UNICEF East Asia & Pacific works to protect the rights of millions of children throughout the region
Few regions in the world are as diverse as East Asia and the Pacific. The region stretches from Mongolia in the north to Tonga in the south, and from Western China to the Cook Islands. The smallest country in East Asia and the Pacific, Niue, has 1,700 people while the largest, China, has 1.3 billion people.
This dynamic region also boasts significant diversity – in peoples, cultures, environments, economies, political systems and potential. It includes some of the fastest-growing economies in the world as well as ten of the least-developed countries – six in the Pacific and four in East Asia. The Pacific is a distinct subregion within the wider region, with its unique characteristics, dynamics and challenges.
There are around 30 million children born in the region every year and UNICEF works in every corner to ensure every child can enjoy a happy, healthy life.
The Regional Office is a hub for information, technical expertise and coordination for UNICEF Country Offices
Specialist advisers based in Bangkok help develop programmes in health and nutrition, child protection, HIV and AIDS, education, water and sanitation, early childhood development, social policy and emergency preparedness.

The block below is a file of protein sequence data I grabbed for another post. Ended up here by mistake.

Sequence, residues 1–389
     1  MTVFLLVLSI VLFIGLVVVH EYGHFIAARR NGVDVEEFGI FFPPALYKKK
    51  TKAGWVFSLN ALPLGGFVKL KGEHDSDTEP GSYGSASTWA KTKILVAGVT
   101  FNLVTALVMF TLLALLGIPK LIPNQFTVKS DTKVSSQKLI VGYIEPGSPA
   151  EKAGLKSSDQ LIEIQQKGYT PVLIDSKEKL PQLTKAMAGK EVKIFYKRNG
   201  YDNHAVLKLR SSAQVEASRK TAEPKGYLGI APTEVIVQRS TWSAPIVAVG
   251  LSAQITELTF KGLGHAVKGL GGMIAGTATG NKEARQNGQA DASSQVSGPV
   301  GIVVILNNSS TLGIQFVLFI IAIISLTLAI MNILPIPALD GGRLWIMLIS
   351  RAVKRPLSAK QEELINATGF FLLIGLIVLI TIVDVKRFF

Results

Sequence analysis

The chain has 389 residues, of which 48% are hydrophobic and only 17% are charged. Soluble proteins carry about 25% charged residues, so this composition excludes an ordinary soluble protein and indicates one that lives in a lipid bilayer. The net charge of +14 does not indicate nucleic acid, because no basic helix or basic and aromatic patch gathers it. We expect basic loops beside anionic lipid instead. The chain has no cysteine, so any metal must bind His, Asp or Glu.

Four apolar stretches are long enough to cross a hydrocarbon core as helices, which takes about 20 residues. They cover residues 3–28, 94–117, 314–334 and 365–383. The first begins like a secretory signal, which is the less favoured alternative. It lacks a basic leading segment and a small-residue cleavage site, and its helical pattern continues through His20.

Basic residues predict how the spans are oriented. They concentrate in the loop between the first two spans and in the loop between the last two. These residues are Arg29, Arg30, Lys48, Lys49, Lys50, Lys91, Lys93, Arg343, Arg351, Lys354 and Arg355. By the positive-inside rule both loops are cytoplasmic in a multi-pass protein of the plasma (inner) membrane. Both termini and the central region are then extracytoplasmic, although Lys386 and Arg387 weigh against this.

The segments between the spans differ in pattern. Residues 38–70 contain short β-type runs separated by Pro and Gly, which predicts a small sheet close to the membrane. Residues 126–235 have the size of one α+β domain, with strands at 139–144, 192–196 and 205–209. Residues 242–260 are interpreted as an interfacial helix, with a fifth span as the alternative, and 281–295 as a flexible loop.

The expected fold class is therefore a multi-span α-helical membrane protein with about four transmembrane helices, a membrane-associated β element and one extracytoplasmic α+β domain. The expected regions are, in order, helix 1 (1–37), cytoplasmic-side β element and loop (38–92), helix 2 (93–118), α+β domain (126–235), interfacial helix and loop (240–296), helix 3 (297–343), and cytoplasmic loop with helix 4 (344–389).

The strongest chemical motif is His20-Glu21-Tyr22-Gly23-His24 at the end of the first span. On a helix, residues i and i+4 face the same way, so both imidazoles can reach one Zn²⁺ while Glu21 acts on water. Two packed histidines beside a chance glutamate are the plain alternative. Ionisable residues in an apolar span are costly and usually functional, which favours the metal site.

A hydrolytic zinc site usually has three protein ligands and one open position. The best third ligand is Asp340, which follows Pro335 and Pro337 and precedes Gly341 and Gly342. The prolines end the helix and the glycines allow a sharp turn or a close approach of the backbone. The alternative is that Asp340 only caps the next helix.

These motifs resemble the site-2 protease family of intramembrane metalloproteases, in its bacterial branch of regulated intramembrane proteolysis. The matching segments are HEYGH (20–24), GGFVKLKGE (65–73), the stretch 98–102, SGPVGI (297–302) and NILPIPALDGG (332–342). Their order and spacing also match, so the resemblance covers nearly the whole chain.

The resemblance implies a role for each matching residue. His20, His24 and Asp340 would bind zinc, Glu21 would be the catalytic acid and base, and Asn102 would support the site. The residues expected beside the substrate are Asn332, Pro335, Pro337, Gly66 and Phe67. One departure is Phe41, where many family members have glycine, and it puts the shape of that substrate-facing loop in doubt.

Specialist staff also provide technical oversight and support for financial management, communications, planning and programme monitoring and evaluation.
The Regional Office advocates for national investment in children and child-centred social policies. It liaises with major intergovernmental bodies, such as other United Nations agencies, civil society organizations, bilateral and multilateral institutions, including the Association of Southeast Asian Nations (ASEAN) and the Pacific Islands Forum (PIF), and donors. Part of our current mission is to build and strengthen regional partnerships for achieving the UN Sustainable Development Goals, the World Fit for Children goals and the realization of the Convention on the Rights of the Child.